A recent report by the Financial Times reveals that X, the social media platform which has been grappling with the fallout from Elon Musk’s offensive remarks to advertisers, is now pivoting towards small and medium-sized businesses (SMBs) to revive and strengthen its revenue streams. The move comes as several major brands paused or completely ceased advertising on X following Musk’s contentious statements about them at the New York Times DealBook Summit.
Amidst the fallout from Elon Musk’s offensive comments to major advertisers, X aims to salvage its revenue by appealing to small and medium-sized businesses. The platform’s pivot towards SMBs was allegedly part of the company’s long-term plan, according to a representative. However, skepticism remains as numerous brands have already stated their intention to permanently cease advertising on X. The future of X hangs in the balance, as Musk suggests that an advertiser boycott could spell the end for the platform. Nevertheless, X is actively exploring alternative revenue sources and intensifying efforts to attract SMB advertisers.
Musk Warns of Impending Doom, but X Seeks Alternative Avenues
During the interview, Musk predicted that the loss of major advertisers would spell disaster for X, declaring, “What this advertising boycott is going to do is it’s going to kill the company.” However, a company representative has since clarified that focusing on SMBs was always part of X’s plan, asserting that “small and medium businesses are a very significant engine that we have definitely underplayed for a long time” and that X will now intensify its efforts in this direction.
While this announcement may seem like a positive development for X, it could be viewed skeptically when considering that many of the large brands that withdrew their advertising dollars from the platform are unlikely to reverse their decisions. The New York Times reported that numerous marketing agencies have advised advertisers not to resume posting on X, with some indicating that their temporary ad halts would likely become permanent. Notable brands such as Apple, Disney, Comcast, and Walmart have all ceased advertising on X. The platform witnessed around 200 advertisers suspend their spending after Musk endorsed an antisemitic conspiracy theory in a tweet.
Damage Control Efforts May Prove Insufficient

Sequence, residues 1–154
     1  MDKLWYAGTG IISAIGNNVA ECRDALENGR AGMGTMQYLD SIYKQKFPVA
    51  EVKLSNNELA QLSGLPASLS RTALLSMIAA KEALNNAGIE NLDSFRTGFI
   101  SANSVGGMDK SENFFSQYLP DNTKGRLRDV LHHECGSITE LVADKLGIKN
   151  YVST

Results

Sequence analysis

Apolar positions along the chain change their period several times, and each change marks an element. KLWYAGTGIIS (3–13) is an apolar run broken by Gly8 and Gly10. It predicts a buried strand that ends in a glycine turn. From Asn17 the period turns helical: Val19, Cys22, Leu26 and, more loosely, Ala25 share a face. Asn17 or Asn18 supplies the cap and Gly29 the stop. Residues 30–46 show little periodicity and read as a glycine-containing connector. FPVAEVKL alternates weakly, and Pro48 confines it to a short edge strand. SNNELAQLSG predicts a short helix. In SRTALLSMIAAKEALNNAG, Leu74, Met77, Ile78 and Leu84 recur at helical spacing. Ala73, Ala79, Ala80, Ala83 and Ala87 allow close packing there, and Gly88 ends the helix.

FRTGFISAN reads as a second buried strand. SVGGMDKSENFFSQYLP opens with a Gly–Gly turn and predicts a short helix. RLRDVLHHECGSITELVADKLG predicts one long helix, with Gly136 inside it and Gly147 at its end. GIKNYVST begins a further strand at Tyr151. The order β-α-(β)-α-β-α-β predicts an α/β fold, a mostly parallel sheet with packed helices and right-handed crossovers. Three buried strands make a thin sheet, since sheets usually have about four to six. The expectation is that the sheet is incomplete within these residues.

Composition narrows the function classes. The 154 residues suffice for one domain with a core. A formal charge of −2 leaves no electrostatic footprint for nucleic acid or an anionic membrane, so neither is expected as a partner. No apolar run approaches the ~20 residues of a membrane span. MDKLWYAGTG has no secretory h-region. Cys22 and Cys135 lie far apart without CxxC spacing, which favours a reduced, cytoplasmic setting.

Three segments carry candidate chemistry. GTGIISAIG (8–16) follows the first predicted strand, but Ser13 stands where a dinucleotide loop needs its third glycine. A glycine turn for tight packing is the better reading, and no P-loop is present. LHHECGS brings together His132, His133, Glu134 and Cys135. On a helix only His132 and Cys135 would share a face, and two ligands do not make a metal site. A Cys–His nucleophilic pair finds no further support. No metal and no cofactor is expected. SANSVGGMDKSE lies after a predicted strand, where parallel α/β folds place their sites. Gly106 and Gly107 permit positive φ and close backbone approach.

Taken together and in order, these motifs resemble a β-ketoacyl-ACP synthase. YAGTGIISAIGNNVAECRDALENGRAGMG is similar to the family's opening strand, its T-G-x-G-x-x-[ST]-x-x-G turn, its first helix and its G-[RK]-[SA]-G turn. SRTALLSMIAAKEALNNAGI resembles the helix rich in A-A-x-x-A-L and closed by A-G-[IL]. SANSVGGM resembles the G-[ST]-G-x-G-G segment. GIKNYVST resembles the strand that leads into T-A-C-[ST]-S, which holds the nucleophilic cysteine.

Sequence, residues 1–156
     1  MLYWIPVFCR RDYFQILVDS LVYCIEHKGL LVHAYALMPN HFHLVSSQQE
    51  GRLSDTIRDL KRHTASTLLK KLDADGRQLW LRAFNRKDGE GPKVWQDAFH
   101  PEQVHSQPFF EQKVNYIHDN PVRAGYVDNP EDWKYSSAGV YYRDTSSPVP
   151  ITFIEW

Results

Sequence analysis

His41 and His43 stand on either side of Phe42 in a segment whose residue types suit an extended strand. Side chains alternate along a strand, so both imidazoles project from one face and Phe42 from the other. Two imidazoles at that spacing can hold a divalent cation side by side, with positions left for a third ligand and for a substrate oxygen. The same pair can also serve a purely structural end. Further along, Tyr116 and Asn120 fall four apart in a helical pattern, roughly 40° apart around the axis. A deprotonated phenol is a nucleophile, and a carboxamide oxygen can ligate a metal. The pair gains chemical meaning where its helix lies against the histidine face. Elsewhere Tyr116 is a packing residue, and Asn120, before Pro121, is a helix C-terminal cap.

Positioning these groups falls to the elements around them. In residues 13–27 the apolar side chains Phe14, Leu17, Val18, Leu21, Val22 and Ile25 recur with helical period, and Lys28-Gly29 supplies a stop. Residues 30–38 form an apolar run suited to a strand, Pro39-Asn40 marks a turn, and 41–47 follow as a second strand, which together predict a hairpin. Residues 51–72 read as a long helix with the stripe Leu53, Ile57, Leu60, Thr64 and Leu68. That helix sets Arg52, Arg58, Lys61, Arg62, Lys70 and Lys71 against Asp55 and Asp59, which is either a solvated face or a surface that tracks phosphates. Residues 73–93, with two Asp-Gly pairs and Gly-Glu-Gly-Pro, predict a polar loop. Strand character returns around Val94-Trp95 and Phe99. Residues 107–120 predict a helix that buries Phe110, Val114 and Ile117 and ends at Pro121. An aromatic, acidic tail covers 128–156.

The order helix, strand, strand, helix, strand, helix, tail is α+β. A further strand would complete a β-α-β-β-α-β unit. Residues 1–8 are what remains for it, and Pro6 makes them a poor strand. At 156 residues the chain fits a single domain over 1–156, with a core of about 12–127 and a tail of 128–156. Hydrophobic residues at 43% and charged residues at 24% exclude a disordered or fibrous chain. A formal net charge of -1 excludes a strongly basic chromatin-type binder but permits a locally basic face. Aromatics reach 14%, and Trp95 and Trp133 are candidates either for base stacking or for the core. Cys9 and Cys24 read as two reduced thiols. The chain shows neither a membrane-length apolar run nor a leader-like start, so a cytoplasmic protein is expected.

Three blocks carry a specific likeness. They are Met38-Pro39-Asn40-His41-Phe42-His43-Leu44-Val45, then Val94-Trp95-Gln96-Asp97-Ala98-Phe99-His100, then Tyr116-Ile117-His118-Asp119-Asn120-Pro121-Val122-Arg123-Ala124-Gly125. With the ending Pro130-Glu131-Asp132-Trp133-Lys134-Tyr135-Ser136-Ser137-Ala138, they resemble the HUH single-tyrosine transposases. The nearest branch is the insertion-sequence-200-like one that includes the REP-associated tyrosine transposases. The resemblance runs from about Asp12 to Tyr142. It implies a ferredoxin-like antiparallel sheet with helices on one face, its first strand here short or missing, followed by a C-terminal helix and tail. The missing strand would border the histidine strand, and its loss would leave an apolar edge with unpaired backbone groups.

Musk’s subsequent attempts to clarify his controversial remarks were met with limited success, leaving a lingering sense that irreparable damage has been done to X’s reputation. In response to Musk’s claims that the advertisers would be seen as responsible for X’s demise, interview Andrew Ross Sorkin challenged Musk, suggesting that his own actions and inappropriate statements were the root cause of advertiser discomfort. Musk, undeterred, retorted, “Tell it to Earth. Let’s see how Earth responds to that. We’ll both make our cases, and we’ll see what the outcome is.”
Despite the uncertainty surrounding the future of X, the question remains as to whether Musk, as the world’s wealthiest individual, would allow the platform to fail. Sorkin pointed out that Musk possesses substantial resources to sustain the company independently. Musk’s response implied that he may not intervene, stating, “I mean, if the company fails because of an advertiser boycott, it will fail because of an advertiser boycott. And that will be what bankrupt the company — and that’s what everyone on Earth will know…Then it will be gone. It will be gone because of an advertiser boycott.”
X Shifts Focus to SMB Advertisers and New Revenue Sources
Notwithstanding the uncertainty surrounding X’s future, the company is actively exploring new avenues for ad revenue. The Financial Times highlights X’s partnership with marketing firm JumpCrew, through which it plans to outsource ad sales and target SMBs. The report indicates that X will expedite its efforts to reach SMBs. X CEO Linda Yaccarino has faced pressure to distance herself from Musk’s remarks, but so far, she has shown support for him and defended X’s mission in an internal email, emphasizing that the company’s principles are non-negotiable.